Mewtwo used Genocide! It’s super-effective!

But whereas Pikachu won people over by being adorable, Mewtwo achieved popularity among kids by being downright scary. Originally a clone of the legendary Pokemon Mew, Mewtwo’s DNA was savagely twisted and altered in order to make it into the most powerful Pokemon in the world. The team behind it succeeded but they lived to regret it. Depending on whether you followed the games or the cartoon series, Mewtwo either slaughtered its creators in a mad rage because its psychic powers were too much for it to control or it murdered them because it hated the idea of being nothing more than a science project. Either way, it was the first canonical mass murder in what had until this point been a relatively cheerful children’s story and it changed everything. The games especially emphasised the darkness of the whole scenario by doing without the TV show’s big dramatic scenes and instead letting the player stumble upon the abandoned remains of the old building in which Mewtwo had been born, razed to the ground in a destructive rampage with only a few journal entries lying around giving any indication as to what kind of horror had occurred.

Mewtwo was the first of these living weapons of mass destruction but he was most certainly not the last. As the series went on, Pokemon like Kyogre and Groudon were added to the franchise. These were less Pokemon and more wild, untameable forces of nature. When they were freed from their prisons, they went out of control: bringing forth floods that threatened to drown the world or intensifying the sun’s rays to the point that the entire world began burning to a crisp depending on which game you were playing. Later games added Pokemon such as Yveltal, responsible for a massive holocaust that destroyed all life in its birthplace, and Dialga, an entity that controls time itself that has the power to erase entire worlds from the the flow of history. And the worst part of it all? They don’t have to be driven mad for them to pose a danger to humans. Some of them, like the ice dragon Kyurem, keep towns in their thrall and abduct people to eat them. And, as Mewtwo has shown us, some Pokemon go a step further and actively want to commit genocide against humanity. *Gulp*.

7. Ghetsis’ Child Abuse

It doesn’t get much worse than this guy. Ghetsis was a villain in the DS games and, quite frankly, he’s a complete monster. Ghetsis wants to take over the world you see and he aims to do this by manipulating a prophecy. He’s heard that destiny will choose a pure-hearted youngster to bond with a legendary dragon Pokemon and his goal has, for years, been to raise the perfect candidate. He succeeds, bringing up a boy named “N” to be the most pure and innocent lad around. What’s so nefarious about that? Many, many things.

And the award for "Father of the Year" goes to...

And the award for “Father of the Year” goes to…

First of all, it’s implied that Ghetsis is not N’s real father. What happened to the boy’s actual parents is never addressed but the most popular theory is that he had them killed (which, as we’ll see later, is completely in-character for him). Of course, that’s just one interpretation. The other is that he is N’s biological father, which begs the question of where the boy’s mother. Furthermore, since Ghetsis clearly cares nothing for anyone else, who’s to say she even consented to bringing the boy into the world in the first place? No matter how you try to approach the question of N’s parentage, the answers are all deeply unpleasant and, given how much psychological damage he inflicts upon N over the course of the series, it just gets worse and worse. You see, Ghetsis’ method of raising N to be the pure and perfect Pokemessiah meant cutting him off from any sort of contact with other humans who might put dangerous ideas into N’s head that could go against his master plan. So, naturally, Ghetsis isolated N from the rest of humanity and raised him alongside Pokemon. I suppose his reasoning was that, if he befriended them and proved his worth as the chosen one who’s meant to bring people and Pokemon together, then great. If, on the other hand, the horrible monsters who shoot lightning and eat people tear the boy to shreds, then meh – he can always get another one. Think I’m giving Ghetsis too much villainous credit? Look at N’s name. It’s a letter. It’s barely a step up from a number, indicating that he’s barely more than a pawn in Ghetsis’ scheme. And it begs the question of whether there were children lettered A to M and what became of them before N came under Ghetsis’ wing. Good luck we defeated him for good by saving the Unova region and freeing N from his control, right? … Right?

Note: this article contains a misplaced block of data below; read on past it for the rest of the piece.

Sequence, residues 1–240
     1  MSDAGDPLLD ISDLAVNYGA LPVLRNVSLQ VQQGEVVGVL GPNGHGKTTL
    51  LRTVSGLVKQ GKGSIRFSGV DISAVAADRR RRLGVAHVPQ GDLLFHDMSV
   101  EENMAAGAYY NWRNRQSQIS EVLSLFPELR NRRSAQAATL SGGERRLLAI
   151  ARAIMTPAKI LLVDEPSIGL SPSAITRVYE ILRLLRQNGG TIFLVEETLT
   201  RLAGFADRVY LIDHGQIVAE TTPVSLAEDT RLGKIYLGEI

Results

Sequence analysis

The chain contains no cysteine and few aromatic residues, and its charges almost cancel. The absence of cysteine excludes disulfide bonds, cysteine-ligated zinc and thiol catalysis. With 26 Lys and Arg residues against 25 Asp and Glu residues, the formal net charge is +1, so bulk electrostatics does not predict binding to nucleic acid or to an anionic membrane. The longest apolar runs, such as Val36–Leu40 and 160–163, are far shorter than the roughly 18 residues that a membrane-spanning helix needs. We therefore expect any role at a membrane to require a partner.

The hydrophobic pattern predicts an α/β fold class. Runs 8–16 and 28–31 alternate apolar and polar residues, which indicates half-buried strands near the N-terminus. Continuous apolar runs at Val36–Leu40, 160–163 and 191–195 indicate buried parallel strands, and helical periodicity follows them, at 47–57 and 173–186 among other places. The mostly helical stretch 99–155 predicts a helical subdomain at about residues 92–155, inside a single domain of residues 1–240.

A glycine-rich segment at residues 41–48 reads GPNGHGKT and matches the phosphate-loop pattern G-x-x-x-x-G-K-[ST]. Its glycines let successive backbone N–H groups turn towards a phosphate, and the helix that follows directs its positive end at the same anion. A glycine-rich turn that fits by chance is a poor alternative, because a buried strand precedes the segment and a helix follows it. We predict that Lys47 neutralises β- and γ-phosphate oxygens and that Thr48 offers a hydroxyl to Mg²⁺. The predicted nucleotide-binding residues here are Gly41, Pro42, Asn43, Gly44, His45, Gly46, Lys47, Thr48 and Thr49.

Yeah… Whereas most villains in the Pokemon series only appear in one game, Ghetsis came back for Round Two. And this time, he was back with a vengeance. Rather than trying to get what he wanted through trickery and deception, he just devoted all of his time and resources into forcibly taking over the region and having his followers, the fanatical Team Plasma, steal people’s Pokemon so that they couldn’t fight back against him. It was also during this time that he stopped employing any subtle measures in his plan and just started trying to straight-up murder the child protagonists of the games in order to avoid them getting in the way of his plans. By attempting to impale them from every angle in a freezing-cold chamber with giant spikes of ice. Sweet mother of mercy, that’s dark.

8. Flying, face-hugging scorpions

Alright, what assholes thought this would be a good idea? Where’s the masochist team of Pokemon designers tasked with designing new Pokemon for Gold & Silver, who looked at scorpions and said, “Yeah, they’re pretty scary, but do you know what they need? They need to be a metre long and have wings.”

While it looks cute, Gligar likes to clamp down on peoples' face and inject lethal poison into their bodies.

While it looks cute, Gligar likes to clamp down on peoples’ face and inject lethal poison into their bodies.